Starring Tony Todd, Carla Greene, Erin Brown, Tatianna Butler, and Andrea Langi
Directed by Derek Wan
Released by Media Blasters Home Entertainment
As a means to create something new and original, films will cross genres at times. Comedy is mixed with horror, musicals intermingle with drama, and so on and so forth. Sub-genres sometimes get crossed as well. Let’s look at two of them: zombie and women in prison films. If that’s not an obscure enough combination, how about we sprinkle in some kung-fu action. What’s all this add up to? Three words — Shadow: Dead Riot. To be honest, I’m not even sure what that title means. Okay, the lead character played by Tony Todd is named Shadow, and at one point the dead do riot within the prison walls. Maybe I’m just being a bit too analytical. If you are the type of person that likes to try and make too much sense of things, odds are you will not dig on this film in the slightest bit. However, if you want brain dead action, buckets of gore, and a ton of nude chicks, brother, you’ve just struck DVD gold!
The story centers on super badass serial killer, Shadow. He’s been imprisoned after committing dozens of murders and is about to walk his last mile to Lethal Injectionville. Like all truly evil beings, Shadow is not planning on going gently into the night. Needless to say, the execution doesn’t go as planned, and before you know it, a full-scale riot has broken out in the prison. Mayhem ensues for about five or so minutes, but then the guards get a handle on things by shooting everyone in sight. Man, what’s a warden to do with so many bodies?! Simple. Dig a mass grave and toss ‘em all in together. Fast-forward twenty years, and the prison has been turned into a women’s rehabilitation facility. We’re then introduced to our hard-boiled protagonist, Solitaire. Solitaire is doing time for killing the man she assumed killed her mom. She just wants to be left alone (hence her name) while she serves out her time, but as you’d expect, it isn’t long before she’s embroiled in some Oz-like drama. Things only get worse from there as a little prison fight bloodshed on the aforementioned mass grave soon has not only Shadow, but a horde of living dead convicts, rampaging through the jail in search of . . . In search of . . . In search of reasons for more nudity and bloodshed! Bravo!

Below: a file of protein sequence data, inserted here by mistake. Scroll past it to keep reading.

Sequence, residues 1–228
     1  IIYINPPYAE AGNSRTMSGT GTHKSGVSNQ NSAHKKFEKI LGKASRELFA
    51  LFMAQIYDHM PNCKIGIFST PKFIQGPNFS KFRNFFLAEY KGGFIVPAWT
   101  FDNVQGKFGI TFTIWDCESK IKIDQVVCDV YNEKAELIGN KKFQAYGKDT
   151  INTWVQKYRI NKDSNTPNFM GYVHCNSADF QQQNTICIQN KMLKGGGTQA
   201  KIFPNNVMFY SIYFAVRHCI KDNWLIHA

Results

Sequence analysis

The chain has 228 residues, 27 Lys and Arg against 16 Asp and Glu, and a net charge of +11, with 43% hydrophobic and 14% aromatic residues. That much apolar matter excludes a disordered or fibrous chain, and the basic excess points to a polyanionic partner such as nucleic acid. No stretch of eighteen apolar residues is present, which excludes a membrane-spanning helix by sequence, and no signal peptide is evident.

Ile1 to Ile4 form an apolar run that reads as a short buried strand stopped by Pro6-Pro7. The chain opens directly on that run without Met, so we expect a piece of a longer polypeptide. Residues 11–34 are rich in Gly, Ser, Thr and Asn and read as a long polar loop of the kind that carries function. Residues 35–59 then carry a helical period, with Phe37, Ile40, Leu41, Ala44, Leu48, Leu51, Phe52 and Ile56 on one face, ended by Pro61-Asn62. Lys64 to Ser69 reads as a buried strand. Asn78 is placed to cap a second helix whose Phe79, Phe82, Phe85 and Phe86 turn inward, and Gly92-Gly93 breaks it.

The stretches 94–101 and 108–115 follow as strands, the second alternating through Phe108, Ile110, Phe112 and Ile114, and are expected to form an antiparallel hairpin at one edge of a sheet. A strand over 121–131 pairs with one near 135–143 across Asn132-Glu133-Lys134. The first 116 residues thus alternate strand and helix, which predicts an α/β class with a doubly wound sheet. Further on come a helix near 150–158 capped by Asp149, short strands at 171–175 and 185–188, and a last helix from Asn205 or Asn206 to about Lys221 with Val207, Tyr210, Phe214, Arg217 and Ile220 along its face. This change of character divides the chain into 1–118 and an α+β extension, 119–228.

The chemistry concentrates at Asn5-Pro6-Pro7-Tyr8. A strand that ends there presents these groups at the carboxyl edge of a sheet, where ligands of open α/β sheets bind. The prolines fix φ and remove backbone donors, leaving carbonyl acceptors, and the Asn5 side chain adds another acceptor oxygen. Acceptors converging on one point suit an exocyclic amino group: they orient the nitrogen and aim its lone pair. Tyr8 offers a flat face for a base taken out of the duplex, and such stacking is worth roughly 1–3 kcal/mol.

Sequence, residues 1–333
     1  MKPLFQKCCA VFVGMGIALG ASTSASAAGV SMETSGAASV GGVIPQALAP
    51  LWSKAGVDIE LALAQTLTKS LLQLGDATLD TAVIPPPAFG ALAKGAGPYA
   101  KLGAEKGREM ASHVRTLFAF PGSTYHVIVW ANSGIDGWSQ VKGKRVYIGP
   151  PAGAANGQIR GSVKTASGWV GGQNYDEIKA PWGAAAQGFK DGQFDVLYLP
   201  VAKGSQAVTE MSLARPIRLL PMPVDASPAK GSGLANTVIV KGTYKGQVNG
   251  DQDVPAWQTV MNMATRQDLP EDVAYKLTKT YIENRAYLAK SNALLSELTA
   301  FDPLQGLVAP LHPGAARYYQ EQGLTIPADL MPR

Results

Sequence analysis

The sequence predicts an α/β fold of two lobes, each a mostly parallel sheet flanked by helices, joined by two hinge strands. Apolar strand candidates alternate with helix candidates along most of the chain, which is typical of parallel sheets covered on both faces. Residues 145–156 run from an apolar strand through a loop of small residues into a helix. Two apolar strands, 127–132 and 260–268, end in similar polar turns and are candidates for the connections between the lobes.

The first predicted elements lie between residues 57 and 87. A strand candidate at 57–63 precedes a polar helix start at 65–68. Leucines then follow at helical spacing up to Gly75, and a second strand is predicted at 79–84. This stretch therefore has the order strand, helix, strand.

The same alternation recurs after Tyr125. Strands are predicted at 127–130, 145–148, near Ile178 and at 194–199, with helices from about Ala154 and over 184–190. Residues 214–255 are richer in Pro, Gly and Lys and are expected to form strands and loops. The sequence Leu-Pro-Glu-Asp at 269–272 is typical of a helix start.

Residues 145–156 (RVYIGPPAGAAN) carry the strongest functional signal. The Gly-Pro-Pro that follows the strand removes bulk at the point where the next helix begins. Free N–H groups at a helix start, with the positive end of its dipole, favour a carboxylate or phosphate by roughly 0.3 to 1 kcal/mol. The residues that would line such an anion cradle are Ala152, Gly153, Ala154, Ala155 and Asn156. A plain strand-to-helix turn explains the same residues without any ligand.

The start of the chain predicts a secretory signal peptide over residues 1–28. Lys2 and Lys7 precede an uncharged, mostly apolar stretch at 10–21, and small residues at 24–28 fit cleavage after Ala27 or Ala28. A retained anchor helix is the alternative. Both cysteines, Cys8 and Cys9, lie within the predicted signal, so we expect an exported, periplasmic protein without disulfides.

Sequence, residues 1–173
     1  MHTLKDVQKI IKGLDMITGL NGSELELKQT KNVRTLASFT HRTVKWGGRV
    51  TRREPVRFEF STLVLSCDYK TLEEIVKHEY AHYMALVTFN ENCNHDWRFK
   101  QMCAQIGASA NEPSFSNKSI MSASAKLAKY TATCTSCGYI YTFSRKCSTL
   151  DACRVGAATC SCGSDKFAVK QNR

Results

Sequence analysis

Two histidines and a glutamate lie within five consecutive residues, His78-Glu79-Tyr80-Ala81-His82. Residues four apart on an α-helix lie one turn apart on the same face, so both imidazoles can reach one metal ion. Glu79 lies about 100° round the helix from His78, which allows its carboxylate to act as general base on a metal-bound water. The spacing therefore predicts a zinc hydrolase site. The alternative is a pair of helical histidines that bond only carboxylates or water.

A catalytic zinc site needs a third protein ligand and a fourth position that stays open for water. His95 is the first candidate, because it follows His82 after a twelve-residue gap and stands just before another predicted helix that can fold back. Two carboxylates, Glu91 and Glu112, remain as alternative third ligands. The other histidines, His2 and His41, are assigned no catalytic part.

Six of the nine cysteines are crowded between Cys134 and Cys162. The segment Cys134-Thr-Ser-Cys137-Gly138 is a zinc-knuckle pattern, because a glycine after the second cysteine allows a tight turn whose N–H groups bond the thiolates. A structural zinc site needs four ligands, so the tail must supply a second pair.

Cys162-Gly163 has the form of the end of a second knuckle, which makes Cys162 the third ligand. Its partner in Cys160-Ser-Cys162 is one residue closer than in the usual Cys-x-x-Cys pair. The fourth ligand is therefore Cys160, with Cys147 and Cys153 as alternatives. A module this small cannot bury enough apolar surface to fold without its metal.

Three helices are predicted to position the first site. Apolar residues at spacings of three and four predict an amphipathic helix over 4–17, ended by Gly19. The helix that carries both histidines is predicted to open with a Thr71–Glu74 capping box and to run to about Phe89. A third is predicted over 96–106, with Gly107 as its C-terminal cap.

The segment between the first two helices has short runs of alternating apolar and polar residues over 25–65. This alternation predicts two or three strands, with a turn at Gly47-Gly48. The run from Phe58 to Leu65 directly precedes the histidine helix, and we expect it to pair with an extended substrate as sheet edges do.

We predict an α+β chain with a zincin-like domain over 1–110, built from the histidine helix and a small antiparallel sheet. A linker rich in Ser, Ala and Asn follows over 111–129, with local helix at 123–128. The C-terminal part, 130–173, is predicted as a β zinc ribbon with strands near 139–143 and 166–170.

Shadow: Dead Riot is a really hard film to review. On my guilty pleasure scale it would rate near the top. The plain and simple truth is that it’s just not a good movie. However, you can’t help but watch transfixed as boobs bounce, ludicrous dialogue is spewed, and buckets of gore are tossed around with great vigor. Surprisingly, the acting is decent overall, most notably Erin Brown as the innocent Crystal, Cat Miller as the kind-hearted pregnant inmate whose baby figures prominently in the zombie subplot, and Andre Langi as the lesbo guard who’s just looking for a good time. The weakest link is definitely the female warden. It’s not the actress’ fault her character was so poorly written, and she does the best she can with what she’s given.
Shadow: Dead Riot knows the audience that it is made for. It never attempts to be a good film, and that’s what works for it. This flick was made for the lowest common denominator and is proud of it. As well it should be too. Films don’t always have to be riddled with niceties to be good or, in this case, delightfully bad. It hearkens back to classic so bad they’re good films like Riki-Oh: The Story of Ricky. Especially with its sometimes brilliant fight choreography. The brawls in this film, both human-on-human and human-on-zombie, are inspired.
Next to the fight scenes the zombies really steal the show. These are of the shambling Romero and Fulci variety. Speaking of which, if you look closely and are paying attention, you’ll see a couple of familiar faces! Zombie Number One, Bill Hinzman, can be found up and walking again, and he brings along the boat zombie from Fulci’s Zombie, Captain Haggerty. It’s great to see these old ghouls doing their thing, and their respective make-ups are near perfect representations of their forays into Zombiedom. As a matter of fact, just about all of the zombies are pretty cool looking. You’ll notice that if you can pry your brain away from thoughts of lesbianism and nudity. It’s hard, or at least something is hard, but try anyway!
The DVD itself is pretty standard stuff. You get an image gallery, a trailer, and a sixteen-minute making of. The only thing that troubles me about this release is that it is rated R. Don’t get me wrong; the gore is frequent and ample, but there were a couple of scenes that seemed to have been trimmed down a bit. Or this could just be bad editing. It is a low budget feature, so who knows?!
At the end of the day one thing is certain: This film sucks and at the same time is strangely endearing. I was never bored and couldn’t wait to see what type of absurd scenario or splatter effect I would be treated to next. If you can turn your brain on auto pilot for a while, Shadow: Dead Riot is a can’t miss gory treat. If not, you’ll soon realize that what you’re watching is as terrible as the Evil Dread Wig of Tony Todd™.
Behind the scenes featurette
2 out of 5
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